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Table 3-1. D aily and total consumption of 2nd and 3rd instar female Aulacaspis yasumatsui by Rhyzobius lophanthae and Cryptolaemus montrouzieri larvae and adults at 18oC. N is the number of days on which the average daily consumption rate is based; n is the number of individuals on which the averag e total consumption rate is based Means and standard errors are compared across co lumns to compare the same instar in both species. Means with the sa me letter are not significantly different (p>0.05). 18oC Rhyzobius lophanthae Cryptolaemus montrouzieri Daily Consumption N MeanSE N MeanSE 1st 232 0.3.5 a 199 0.1.3 b 2nd 138 1.2.1 a 25 0.2.4 b 3rd 182 2.7.7 a 21 0.5.5 b 4th 120 2.4.3 Adult Males 295 2.3.3 Adult Females 131 2.7.4 Rhyzobius lophanthae Cryptolaemus montrouzieri Total Consumption n MeanSE n MeanSE 1st 20 2.7.4 a 32 0.5.8 b 2nd 20 8.1.9 a 6 1.8.5 b 3rd 20 25.6.9 a 3 5.0.4 b 4th 20 39.0.4 Larvae 20 75.4.6 Adult Males 14 121.9.5 Adult Females 6 175.8.2 54

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Table 3-2. D aily and total consumption of 2nd and 3rd instar female Aulacaspis yasumatsui by Rhyzobius lophanthae and Cryptolaemus montrouzieri larvae and adults at 24oC. N is the number of days on which the average daily consumption rate is based; n is the number of individuals on which the averag e total consumption rate is based. Means and standard errors are compared across co lumns to compare the same instar in both species. Means with the sa me letter are not significantly different (p>0.05). 24oC Rhyzobius lophanthae Cryptolaemus montrouzieri Daily Consumption N MeanSE N MeanSE 1st 112 0.2.4 a 213 0.1.3 b 2nd 109 2.0.0 3rd 76 4.8.6 4th 118 4.9.4 Adult Males 876 2.6.5 Adult Females 821 3.1.6 Rhyzobius lophanthae Cryptolaemus montrouzieri Total Consumption n MeanSE n MeanSE 1st 21 1.1.3 a 36 0.5.7 a 2nd 21 10.0.0 3rd 21 17.9.6 4th 21 29.4.9 Larvae 21 58.4.8 Adult Males 12 194.0.6 Adult Females 9 281.0.8 55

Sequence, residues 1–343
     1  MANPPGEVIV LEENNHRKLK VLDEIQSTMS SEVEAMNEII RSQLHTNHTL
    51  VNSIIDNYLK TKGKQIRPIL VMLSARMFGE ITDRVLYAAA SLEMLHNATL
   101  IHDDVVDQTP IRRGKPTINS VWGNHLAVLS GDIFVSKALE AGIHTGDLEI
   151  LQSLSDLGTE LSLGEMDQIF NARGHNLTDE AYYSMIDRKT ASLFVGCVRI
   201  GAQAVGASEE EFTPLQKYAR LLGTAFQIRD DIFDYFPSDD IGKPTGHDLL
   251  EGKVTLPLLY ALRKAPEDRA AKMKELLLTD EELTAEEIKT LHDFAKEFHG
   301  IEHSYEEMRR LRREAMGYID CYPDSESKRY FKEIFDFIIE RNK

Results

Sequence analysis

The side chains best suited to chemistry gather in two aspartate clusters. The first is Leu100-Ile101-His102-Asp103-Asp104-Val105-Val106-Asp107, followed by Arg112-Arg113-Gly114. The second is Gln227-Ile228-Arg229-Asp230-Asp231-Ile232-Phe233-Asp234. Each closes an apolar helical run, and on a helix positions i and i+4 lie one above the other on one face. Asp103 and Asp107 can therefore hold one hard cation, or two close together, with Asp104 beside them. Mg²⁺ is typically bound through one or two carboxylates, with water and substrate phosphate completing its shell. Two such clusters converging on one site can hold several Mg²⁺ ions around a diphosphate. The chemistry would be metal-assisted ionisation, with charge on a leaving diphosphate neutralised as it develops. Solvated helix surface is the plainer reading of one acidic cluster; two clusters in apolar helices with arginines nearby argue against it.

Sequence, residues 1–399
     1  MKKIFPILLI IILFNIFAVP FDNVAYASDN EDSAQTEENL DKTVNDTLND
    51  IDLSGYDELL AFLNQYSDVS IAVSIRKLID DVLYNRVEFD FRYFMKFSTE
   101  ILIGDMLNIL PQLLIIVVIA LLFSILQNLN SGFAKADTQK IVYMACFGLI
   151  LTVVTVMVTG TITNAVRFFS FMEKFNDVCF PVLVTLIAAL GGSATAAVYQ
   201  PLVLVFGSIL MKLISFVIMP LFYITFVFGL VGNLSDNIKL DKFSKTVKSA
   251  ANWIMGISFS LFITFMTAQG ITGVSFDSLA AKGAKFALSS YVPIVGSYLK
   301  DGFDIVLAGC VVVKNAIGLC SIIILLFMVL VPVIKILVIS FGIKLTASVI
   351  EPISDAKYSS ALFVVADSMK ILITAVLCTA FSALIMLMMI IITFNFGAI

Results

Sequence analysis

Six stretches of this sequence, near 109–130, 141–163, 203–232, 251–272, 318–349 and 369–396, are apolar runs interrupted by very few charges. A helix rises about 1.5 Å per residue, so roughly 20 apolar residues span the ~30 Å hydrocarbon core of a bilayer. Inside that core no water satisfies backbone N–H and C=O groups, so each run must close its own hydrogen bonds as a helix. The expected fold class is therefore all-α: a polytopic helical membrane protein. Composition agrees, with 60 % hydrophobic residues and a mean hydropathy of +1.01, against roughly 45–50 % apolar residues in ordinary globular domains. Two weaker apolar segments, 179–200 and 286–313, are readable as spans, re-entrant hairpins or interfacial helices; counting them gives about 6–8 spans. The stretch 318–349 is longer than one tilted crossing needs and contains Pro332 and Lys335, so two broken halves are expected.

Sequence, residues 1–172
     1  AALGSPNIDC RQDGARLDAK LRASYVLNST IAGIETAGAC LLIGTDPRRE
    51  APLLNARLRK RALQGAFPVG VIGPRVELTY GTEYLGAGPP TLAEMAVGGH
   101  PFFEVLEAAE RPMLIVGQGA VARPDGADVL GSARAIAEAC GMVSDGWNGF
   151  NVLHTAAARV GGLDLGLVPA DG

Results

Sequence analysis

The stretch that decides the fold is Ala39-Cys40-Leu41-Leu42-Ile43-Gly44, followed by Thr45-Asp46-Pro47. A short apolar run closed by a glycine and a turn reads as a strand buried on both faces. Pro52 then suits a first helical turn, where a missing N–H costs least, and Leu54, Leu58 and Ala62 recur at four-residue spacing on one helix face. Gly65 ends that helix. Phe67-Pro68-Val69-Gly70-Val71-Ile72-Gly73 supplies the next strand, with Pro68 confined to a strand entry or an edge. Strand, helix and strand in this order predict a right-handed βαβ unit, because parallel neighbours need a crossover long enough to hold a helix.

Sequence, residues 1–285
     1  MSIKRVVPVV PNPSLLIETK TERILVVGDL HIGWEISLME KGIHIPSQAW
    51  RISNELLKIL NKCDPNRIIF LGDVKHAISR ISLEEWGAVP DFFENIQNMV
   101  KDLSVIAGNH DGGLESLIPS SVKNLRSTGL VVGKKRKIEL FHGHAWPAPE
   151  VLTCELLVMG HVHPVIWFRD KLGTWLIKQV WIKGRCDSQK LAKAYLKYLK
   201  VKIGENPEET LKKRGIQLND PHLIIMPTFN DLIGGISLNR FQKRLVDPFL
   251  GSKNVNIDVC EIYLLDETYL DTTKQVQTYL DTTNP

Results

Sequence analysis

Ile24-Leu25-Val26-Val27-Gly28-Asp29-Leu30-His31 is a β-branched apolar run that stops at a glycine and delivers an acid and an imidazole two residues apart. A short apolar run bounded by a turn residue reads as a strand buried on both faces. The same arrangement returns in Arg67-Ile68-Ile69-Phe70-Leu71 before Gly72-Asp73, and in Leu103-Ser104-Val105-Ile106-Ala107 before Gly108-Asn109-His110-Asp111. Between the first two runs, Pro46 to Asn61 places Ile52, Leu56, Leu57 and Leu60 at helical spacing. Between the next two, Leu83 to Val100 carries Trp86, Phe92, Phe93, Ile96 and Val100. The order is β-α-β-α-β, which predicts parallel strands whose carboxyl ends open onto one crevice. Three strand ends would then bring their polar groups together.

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Table 3-3. D aily and total consumption of 2nd and 3rd instar male and female Aulacaspis yasumatsui by Rhyzobius lophanthae and Cryptolaemus montrouzieri larvae at 18oC. N is the number of days on which the averag e daily consumption ra te is based; n is the number of individuals on which the av erage total consumption rate is based. Means and standard errors are compared ac ross columns to compare the same instar in both species. Means with the same lett er are not significantly different (p>0.05). 18oC Rhyzobius lophanthae Cryptolaemus montrouzieri Daily Consumption N MeanSE N MeanSE 1st 40 0.1.3 a 216 <0.1.2 a 2nd 31 0.1.3 a 140 <0.1.2 a 3rd 12 0.8.2 a 213 <0.1.2 b 4th 58 0.7.2 a 339 0.2.8 b Rhyzobius lophanthae Cryptolaemus montrouzieri Total Consumption n MeanSE n MeanSE 1st 6 0.3.2 a 17 0.2.1 a 2nd 5 0.8.5 a 13 0.5.1 b 3rd 5 7.5.8 a 12 0.8.3 b 4th 4 15.4.7 a 5 5.5.3 b Larvae 4 24.0.1 a 5 7.3.9 b 56